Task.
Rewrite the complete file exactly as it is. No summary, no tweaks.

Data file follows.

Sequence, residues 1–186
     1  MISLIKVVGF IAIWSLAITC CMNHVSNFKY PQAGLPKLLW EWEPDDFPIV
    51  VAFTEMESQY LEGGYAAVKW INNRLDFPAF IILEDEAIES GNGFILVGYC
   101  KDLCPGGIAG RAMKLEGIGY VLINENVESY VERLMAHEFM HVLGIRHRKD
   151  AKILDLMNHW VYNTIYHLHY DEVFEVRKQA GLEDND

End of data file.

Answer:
Sequence, residues 1–186
     1  MISLIKVVGF IAIWSLAITC CMNHVSNFKY PQAGLPKLLW EWEPDDFPIV
    51  VAFTEMESQY LEGGYAAVKW INNRLDFPAF IILEDEAIES GNGFILVGYC
   101  KDLCPGGIAG RAMKLEGIGY VLINENVESY VERLMAHEFM HVLGIRHRKD
   151  AKILDLMNHW VYNTIYHLHY DEVFEVRKQA GLEDND